The discharge will only apply to debts that arose before the date you filed (if the judge finds that you received money or property by fraud, that debt may not be discharged). Debts not listed in your bankruptcy schedules may not be discharged.  Debts may also be denied a discharge if you attempt to destroy or hide property, change records, falsify information, or disobey a court order. You may receive a Chapter 7 discharge once every eight years.  (Other rules may apply if you previously received a Chapter 13 discharge).

Once a debt has been discharged, you are not legally bound to pay it; however, you may voluntarily pay any of your debts.  You need not sign a reaffirmation agreement or any other kind of document to do this. Some creditors may hold a secured claim (i.e., the bank’s mortgage on your house or the loan company’s lien on your car).  If the secured debt is discharged, you will not pay, but the creditor can take your property.

 

What is a reaffirmation agreement?

Reaffirmation agreements allow you to pay a debt that could be discharged.  For example, you may want to keep your car.  To pay that debt, you must work out a plan with the bank and file a reaffirmation agreement with the court.  Reaffirmation agreements are voluntary.
Reaffirmation agreements:

  • Must be voluntary;
  • Must not place too heavy a burden on you or your family;
  • Must be in your best interest; and
  • Can be canceled anytime before the court issues your discharge or within 60 days after the agreement is filed with the court, whichever is longer.

If you reaffirm a debt, the debt is now non-dischargeable.  If you fail to pay it, the creditor can take action to recover any secured property (i.e., property with a lien or mortgage).  The creditor can also take legal action against you to recover a judgment.

 

How much are the Bankruptcy Clerk’s fees?

There are mandatory government fees to be paid to the Clerk of the Bankruptcy Court for any person who files for bankruptcy.  The filing fee for a Chapter 7 is $335.00, Chapter 13 is $310.00, and a Chapter 11 is $1,717.00 (these fees are periodically increased by the government).  In addition, there may be other required filing fees such as amendments to schedules, creditors’ matrix motion or notice to convert, motion to reopen the case, motion for deconsolidation, and notice of appeal.  These fee prices vary, but most are under $60.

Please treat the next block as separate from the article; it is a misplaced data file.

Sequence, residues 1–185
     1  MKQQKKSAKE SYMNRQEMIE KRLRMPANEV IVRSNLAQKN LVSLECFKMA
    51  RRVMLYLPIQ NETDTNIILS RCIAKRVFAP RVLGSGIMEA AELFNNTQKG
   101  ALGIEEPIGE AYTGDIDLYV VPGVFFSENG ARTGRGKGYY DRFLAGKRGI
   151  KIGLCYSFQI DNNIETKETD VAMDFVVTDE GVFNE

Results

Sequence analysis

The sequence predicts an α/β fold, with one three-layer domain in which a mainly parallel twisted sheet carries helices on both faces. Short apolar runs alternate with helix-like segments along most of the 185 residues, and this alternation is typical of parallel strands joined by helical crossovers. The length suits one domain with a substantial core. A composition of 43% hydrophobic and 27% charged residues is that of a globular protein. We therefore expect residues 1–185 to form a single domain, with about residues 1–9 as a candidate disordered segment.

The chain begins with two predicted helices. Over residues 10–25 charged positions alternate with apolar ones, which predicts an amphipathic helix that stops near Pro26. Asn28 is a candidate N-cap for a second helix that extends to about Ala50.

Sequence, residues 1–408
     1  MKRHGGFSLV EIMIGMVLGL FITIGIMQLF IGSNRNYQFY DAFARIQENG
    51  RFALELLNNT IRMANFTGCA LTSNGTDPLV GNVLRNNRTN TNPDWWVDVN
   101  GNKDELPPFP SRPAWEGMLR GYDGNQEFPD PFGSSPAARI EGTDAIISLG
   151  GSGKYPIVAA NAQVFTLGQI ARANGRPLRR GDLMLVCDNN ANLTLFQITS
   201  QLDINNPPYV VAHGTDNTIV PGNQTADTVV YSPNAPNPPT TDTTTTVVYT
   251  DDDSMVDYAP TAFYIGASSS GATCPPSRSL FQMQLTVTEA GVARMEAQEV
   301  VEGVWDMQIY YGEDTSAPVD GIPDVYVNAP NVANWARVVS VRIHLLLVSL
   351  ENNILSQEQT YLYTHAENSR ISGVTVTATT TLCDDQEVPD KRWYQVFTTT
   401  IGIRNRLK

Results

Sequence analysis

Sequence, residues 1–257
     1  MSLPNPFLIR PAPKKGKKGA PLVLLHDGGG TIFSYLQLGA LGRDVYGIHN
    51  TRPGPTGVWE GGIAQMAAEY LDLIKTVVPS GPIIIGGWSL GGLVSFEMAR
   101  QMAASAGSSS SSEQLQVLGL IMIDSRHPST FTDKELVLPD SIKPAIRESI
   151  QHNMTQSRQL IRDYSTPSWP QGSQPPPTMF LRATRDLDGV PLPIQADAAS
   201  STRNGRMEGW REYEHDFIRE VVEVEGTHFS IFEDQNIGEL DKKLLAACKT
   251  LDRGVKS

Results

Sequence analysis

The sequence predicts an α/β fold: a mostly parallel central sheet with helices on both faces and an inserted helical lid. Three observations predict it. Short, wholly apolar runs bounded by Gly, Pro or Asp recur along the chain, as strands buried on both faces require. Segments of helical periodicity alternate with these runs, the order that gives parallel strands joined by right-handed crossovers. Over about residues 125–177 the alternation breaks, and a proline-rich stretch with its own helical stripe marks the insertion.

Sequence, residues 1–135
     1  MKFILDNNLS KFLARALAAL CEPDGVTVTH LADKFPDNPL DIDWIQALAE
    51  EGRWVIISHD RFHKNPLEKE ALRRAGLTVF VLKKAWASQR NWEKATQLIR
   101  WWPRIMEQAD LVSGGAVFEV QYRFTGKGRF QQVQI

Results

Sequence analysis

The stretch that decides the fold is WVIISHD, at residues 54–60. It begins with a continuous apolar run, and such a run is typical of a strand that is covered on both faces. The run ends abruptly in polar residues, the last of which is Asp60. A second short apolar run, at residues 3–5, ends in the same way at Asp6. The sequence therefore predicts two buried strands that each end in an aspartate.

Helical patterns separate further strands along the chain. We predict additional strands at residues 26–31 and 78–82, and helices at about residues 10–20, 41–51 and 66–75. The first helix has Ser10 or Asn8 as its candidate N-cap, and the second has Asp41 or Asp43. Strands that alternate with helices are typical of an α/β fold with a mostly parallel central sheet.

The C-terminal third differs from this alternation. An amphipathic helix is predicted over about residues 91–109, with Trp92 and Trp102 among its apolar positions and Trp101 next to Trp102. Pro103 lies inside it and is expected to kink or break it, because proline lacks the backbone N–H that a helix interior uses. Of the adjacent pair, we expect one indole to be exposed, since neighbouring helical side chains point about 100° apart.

What does it cost for credit counseling and debtor education?

Two classes, credit counseling and debtor education, are required by law for anyone filing for bankruptcy.  These classes are approximately $12 each and take about 60 to 90 minutes to complete.  Both classes can be taken online or over the phone.

 

How much are the attorney’s fees?

Attorney fees are often charged in one of three ways:

  1. A flat fee which is often used for individuals filing a Chapter 7 case.
  2. An hourly fee which is normally charged in Chapter 11 cases.
  3. A combination of a flat fee and hourly fee which is often used for individuals filing a Chapter 13 case.

In Chapter 7, the flat fee will vary depending on the complexity of the case and the legal services that you need.  The flat fee rate is based on several factors including, but not limited to:

    • Single or married
    • Number of creditors
    • Income for the last 6 months
    • Existence of pending mortgage foreclosure
    • Decision to reaffirm a secured debt
    • Pending lawsuits
    • Wage garnishment
    • Property that is subject to a mortgage or lien
    • Existence of federal, state, or county tax claims or liens
    • Eligibility for a Chapter 7 or Chapter 13
    • Location of court where bankruptcy case will be filed

In Chapter 13, clients pay an initial payment toward attorney fees.  The law firm receives the balance of the fees incurred from the Chapter 13 Trustee as payments are made pursuant to the plan.  The client pays an hourly fee for post-confirmation legal services, as needed..